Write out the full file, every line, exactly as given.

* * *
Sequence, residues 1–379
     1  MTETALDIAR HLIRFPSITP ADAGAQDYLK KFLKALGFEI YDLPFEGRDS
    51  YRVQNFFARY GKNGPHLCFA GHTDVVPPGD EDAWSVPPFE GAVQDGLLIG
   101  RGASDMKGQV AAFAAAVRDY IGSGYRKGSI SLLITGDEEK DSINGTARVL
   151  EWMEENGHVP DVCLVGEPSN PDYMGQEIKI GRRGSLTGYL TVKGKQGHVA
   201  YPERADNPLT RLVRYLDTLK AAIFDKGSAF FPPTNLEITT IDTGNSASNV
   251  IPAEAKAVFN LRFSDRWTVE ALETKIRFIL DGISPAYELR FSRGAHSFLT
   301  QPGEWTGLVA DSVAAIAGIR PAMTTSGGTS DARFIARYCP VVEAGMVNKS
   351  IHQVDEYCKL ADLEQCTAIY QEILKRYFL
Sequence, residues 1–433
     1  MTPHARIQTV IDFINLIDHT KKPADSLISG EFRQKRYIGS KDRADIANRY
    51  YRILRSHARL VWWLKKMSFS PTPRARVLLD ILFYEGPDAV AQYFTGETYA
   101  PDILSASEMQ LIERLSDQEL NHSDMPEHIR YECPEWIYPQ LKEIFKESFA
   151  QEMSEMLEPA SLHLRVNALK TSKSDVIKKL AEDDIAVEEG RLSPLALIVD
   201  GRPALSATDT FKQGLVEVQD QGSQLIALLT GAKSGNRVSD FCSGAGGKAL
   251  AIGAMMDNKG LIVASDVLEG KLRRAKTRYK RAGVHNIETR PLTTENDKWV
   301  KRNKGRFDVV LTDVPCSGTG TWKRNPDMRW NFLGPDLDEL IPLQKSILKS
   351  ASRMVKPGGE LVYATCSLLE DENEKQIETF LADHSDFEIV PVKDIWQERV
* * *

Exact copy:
Sequence, residues 1–379
     1  MTETALDIAR HLIRFPSITP ADAGAQDYLK KFLKALGFEI YDLPFEGRDS
    51  YRVQNFFARY GKNGPHLCFA GHTDVVPPGD EDAWSVPPFE GAVQDGLLIG
   101  RGASDMKGQV AAFAAAVRDY IGSGYRKGSI SLLITGDEEK DSINGTARVL
   151  EWMEENGHVP DVCLVGEPSN PDYMGQEIKI GRRGSLTGYL TVKGKQGHVA
   201  YPERADNPLT RLVRYLDTLK AAIFDKGSAF FPPTNLEITT IDTGNSASNV
   251  IPAEAKAVFN LRFSDRWTVE ALETKIRFIL DGISPAYELR FSRGAHSFLT
   301  QPGEWTGLVA DSVAAIAGIR PAMTTSGGTS DARFIARYCP VVEAGMVNKS
   351  IHQVDEYCKL ADLEQCTAIY QEILKRYFL
Sequence, residues 1–433
     1  MTPHARIQTV IDFINLIDHT KKPADSLISG EFRQKRYIGS KDRADIANRY
    51  YRILRSHARL VWWLKKMSFS PTPRARVLLD ILFYEGPDAV AQYFTGETYA
   101  PDILSASEMQ LIERLSDQEL NHSDMPEHIR YECPEWIYPQ LKEIFKESFA
   151  QEMSEMLEPA SLHLRVNALK TSKSDVIKKL AEDDIAVEEG RLSPLALIVD
   201  GRPALSATDT FKQGLVEVQD QGSQLIALLT GAKSGNRVSD FCSGAGGKAL
   251  AIGAMMDNKG LIVASDVLEG KLRRAKTRYK RAGVHNIETR PLTTENDKWV
   301  KRNKGRFDVV LTDVPCSGTG TWKRNPDMRW NFLGPDLDEL IPLQKSILKS
   351  ASRMVKPGGE LVYATCSLLE DENEKQIETF LADHSDFEIV PVKDIWQERV